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Meet the Makers: Sarah Conners

Sarah Conners is an artisan of the east side, who makes beautiful, handcrafted leather bags and accessories from her studio in Hawthorn’s Auburn Village.

You have such a strong interest in fashion, and in particular accessories. How did that first spark?

I can’t remember ever not wanting to work in fashion — actually, there was a year or two that I thought about being an architect. But honestly, it probably sparked when I was in primary school. And it’s always been about accessories. 

Hero image source: Sarah Conners

You’ve worked with some high-profile Melbourne names, like Peter Jago and Melbourne Theatre Company. What was it like working with them? 

In the nineties racewear was very theatrical, and we made a lot of over-the-top headwear at Peter Jago. It was my first job out of university. I went from small-town Newcastle to fashion school — which was an experience in itself — then just landed into this wild world of millinery. It was just the most inspiring thing you could imagine for a first job. Melbourne Theatre Company had a much more rarified atmosphere. It was quite serious and all the of the crafts people there — the tailors, the sewers and setmakers — are just consummate professionals, so everyone took their job very seriously. While it was theatrical, it was much more serious there.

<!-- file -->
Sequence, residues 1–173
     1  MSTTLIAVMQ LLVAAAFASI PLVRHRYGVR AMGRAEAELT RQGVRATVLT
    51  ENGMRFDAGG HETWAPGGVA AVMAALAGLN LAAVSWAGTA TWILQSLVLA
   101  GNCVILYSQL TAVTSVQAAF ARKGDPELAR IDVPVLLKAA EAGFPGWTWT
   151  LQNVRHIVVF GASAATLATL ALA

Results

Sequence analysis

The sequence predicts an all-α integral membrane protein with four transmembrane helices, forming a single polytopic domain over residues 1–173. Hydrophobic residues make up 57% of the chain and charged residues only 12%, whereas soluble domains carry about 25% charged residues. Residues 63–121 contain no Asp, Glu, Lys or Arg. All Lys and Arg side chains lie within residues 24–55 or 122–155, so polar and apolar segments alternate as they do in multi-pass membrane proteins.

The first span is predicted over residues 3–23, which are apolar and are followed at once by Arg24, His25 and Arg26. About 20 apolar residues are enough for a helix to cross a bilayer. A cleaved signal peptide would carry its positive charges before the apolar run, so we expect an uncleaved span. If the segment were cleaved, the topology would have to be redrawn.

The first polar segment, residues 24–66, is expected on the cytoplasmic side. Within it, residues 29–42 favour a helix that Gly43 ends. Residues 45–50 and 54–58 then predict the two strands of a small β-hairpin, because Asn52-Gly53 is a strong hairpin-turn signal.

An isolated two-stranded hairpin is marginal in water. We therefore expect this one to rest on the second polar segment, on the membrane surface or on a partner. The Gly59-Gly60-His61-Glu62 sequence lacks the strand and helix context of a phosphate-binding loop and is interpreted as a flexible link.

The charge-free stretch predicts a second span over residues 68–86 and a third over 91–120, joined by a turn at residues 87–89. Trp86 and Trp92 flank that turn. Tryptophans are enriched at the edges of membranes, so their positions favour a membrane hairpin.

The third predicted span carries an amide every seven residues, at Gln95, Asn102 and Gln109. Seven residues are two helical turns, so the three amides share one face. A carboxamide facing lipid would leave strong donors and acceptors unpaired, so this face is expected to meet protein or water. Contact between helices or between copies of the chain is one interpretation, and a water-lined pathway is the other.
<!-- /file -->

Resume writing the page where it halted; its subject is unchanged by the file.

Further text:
From hats to leather work, that’s quite a change. How did it come about? 

By chance! I started working with leather when I was in millinery, making some headdresses and hats with it. I love the three dimensionality of hats and bags particularly when using leather, so it was a natural progression. Because I had trained so hard in millinery, I knew I didn’t want to be an average bagmaker so I hung around two older bagmakers in Melbourne to properly learn the craft. These older gentlemen were a little rough around the edges and their workspace was a bit of a mess, but through this experience I learned how tough bagmaking is, particularly on your hands.

You’ve had some interesting adventures overseas that helped to hone your craft. You must have learnt a lot of interesting things.